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Monday, December 01, 2014
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Climate Change Vet Cameron Explains How He’s Learned from Failure

By Guest Author, Verner Wilson, III, Yale F&ES '15

In 1988, I was two years old in rural Alaska. I didn’t know what was happening in the world, let alone what was occurring in its atmosphere. Twice in the prior decade, in 1973 and 1979, the world experienced an energy crisis that saw fuel prices skyrocket. In his famous 1979 speech President Jimmy Carter said the country was experiencing a “Crisis of Confidence” and urged Americans to adopt energy conservation strategies. At the time, a few Middle Eastern nations, rich in fossil fuels, dictated the supply and price of the important commodity. President Carter, and later President Reagan, vowed to make greenhouse-gas emitting fossil fuels more affordable for everyone.

And so cheaper fuel ballooned.

In the midst of this, in 1988 when James Cameron – now director of Climate Change Capital – was a law student. Greenpeace asked for his help on a research project. Could the US be sued in an international court of law for not acting on a newfound environmental problem largely caused by fossil fuels: climate change?

Cameron delved into the research and, after a few months, came to believe that since every country was contributing to greenhouse gas emissions, every country would do what it could to protect the one earth we call home. Once science fell in line, the world’s leaders would unite to protect future generations.

Speaking at Yale nearly three decades later, he begged to differ with his younger self.

At his lecture at FES on Wednesday, November 12, he recalled working on the Kyoto Protocol, an international top-down treaty that many nations adopted. He was excited when US President Bill Clinton signed it, but the US Senate defeated any effort to make it the law of the land. Thus, the most powerful, influential, and highest carbon-emitting state in the world did not legally promise to take the steps necessary to reduce its impacts of climate change. Years later, Kyoto’s efforts were deemed null, and many nations either pulled out altogether or failed to meet their obligations. The ideal international path forward, for which Cameron and his colleagues had worked, was dead in its tracks.

In 2009, leaders had high expectations for the same top-down approach in Copenhagen, but the world again failed to agree on a comprehensive solution, disappointing any hopes for progress. While many in the environmental community still hold out hope for progress at the annual convention in Paris in 2015, Cameron said he has largely “moved on” from the top-down approach.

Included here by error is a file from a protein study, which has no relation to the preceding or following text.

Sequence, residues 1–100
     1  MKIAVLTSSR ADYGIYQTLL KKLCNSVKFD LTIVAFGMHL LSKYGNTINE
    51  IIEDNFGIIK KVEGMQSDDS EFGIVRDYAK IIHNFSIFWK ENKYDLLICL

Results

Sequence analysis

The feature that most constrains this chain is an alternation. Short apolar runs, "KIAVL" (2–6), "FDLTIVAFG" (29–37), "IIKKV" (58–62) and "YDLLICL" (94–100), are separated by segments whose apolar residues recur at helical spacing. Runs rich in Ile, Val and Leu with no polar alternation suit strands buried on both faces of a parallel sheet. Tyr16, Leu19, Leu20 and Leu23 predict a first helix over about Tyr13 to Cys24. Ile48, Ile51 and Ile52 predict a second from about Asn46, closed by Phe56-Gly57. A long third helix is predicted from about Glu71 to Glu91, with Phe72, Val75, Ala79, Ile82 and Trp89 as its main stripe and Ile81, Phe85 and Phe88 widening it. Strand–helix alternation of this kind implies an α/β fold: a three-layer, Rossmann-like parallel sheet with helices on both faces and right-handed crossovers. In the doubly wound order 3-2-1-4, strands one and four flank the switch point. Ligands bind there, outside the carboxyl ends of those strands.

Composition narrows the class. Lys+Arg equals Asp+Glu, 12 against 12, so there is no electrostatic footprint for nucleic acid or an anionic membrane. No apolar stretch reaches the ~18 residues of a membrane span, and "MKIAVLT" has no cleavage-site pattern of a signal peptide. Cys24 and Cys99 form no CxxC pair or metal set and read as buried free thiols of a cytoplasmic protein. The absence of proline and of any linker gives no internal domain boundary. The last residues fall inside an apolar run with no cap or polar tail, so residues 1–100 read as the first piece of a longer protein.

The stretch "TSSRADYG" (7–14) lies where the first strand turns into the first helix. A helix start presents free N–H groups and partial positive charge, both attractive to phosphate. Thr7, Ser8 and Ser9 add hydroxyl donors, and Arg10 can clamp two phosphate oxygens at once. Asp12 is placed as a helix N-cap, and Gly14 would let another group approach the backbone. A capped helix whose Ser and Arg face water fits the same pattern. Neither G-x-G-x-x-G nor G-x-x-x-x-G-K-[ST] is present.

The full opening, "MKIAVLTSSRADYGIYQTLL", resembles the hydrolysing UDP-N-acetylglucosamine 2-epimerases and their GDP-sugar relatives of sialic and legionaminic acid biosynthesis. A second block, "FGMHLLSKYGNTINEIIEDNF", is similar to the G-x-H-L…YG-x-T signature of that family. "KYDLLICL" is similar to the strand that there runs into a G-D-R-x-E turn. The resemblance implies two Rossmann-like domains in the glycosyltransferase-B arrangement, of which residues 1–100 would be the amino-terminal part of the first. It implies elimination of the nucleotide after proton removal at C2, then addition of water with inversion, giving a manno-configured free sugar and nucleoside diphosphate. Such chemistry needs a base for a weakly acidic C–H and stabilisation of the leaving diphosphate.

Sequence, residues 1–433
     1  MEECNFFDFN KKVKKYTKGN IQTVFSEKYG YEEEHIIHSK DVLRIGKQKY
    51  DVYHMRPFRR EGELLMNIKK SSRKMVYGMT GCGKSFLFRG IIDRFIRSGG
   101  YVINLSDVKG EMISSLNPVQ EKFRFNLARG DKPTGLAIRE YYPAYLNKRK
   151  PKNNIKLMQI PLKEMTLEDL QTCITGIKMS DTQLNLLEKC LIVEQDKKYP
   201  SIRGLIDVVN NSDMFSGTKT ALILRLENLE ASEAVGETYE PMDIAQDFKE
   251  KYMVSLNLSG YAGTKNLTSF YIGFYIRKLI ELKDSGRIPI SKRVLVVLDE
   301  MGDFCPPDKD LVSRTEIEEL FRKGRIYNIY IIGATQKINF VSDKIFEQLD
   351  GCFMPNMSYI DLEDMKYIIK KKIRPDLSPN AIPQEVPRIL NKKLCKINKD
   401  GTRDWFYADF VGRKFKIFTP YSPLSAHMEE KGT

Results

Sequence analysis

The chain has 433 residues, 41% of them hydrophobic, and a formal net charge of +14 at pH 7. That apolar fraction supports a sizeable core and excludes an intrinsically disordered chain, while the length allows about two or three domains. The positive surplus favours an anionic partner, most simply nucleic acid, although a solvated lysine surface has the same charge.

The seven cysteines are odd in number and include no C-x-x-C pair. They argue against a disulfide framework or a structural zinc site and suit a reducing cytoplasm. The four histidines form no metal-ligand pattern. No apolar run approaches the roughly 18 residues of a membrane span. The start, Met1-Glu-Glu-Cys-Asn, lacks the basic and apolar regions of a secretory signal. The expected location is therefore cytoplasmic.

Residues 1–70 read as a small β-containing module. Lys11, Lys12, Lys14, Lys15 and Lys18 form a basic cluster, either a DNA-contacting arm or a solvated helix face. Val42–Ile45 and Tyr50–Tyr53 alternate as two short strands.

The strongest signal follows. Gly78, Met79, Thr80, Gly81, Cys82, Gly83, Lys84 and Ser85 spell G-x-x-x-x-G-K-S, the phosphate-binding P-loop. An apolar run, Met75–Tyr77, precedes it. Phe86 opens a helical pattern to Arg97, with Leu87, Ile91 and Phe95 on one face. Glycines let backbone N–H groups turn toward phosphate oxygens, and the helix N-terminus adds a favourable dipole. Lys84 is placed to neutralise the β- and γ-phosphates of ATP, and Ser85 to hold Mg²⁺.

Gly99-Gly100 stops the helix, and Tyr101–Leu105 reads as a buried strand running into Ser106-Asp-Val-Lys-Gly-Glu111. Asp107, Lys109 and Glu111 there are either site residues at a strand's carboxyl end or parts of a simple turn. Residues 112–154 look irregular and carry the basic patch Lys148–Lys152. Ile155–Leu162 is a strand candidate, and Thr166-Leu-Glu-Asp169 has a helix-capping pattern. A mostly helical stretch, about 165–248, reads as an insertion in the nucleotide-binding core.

Today, he argues for something much different: a bottom-up, grassroots-style climate solution. If not entire nations, then perhaps entire regions, states, territories, cities, industries, corporations or individual businesses will step up to the plate and make a difference collectively.

This bottom-up strategy may be complimentary to new international efforts at top-down actions.  In Brisbane, Australia, during the annual November 2014 G20 Summit, US President Barack Obama and Chinese President Xi Jinping announced a joint-effort to reduce carbon emissions. President Obama promised US carbon reductions through efforts such as the recent proposed EPA regulations of power plants. China has promised to increase its renewable energy usage and to decrease its carbon emissions beginning in 2030.

But after the midterm elections, President Obama’s initiatives face a hostile Congress, arguably worse than in 1992 when the Clinton Administration tried to implement the Kyoto Protocol.  Oklahoma Senator James Inhofe, who will be the new Chair of the US Senate’s Environment and Public Works Committee, has laughed off climate change and even called the science a hoax. House Republicans have repeatedly passed bills to defund EPA in an effort to combat regulations to fight climate change.  Further, the new Senate Majority Leader Mitch McConnell is doing all he can to “get the EPA reigned in.”  That has caused China to question if the US is serious on climate negotiations. And it means that bottom-up action from cities, states/provinces, civil society, and companies are still critically important.

Whatever happens, it will affect me personally. My family’s fish camp warehouse eroded to the point where we had to take it down or watch it literally fall into the sea. Cities and villages throughout Alaska are facing not just coastal erosion from warmer temperatures, but also invasive species that threaten our subsistence food resources. Melting permafrost has damaged our pipeline and infrastructure. While many people may think warmer temperatures are good for Alaska, in many cases it’s not.  That’s why I have hope in my elders like James Cameron, who dedicated their lives to solve our climate crisis and are still thinking of fresh and encouraging ways forward.

Perhaps learning from failure is the most effective way to learn after all.

Verner Wilson, III, is a Master of Environmental Management candidate at the Yale School of Forestry and Environmental Studies. He is originally from Bristol Bay, Alaska, and obtained a bachelor’s degree in Environmental Studies in 2008 from Brown University. He previously worked for the World Wildlife Fund, as well as a coalition of Alaska Native tribes, on issues related to sustainable wild salmon fisheries, environmental justice, mining, oil and gas, and climate change.

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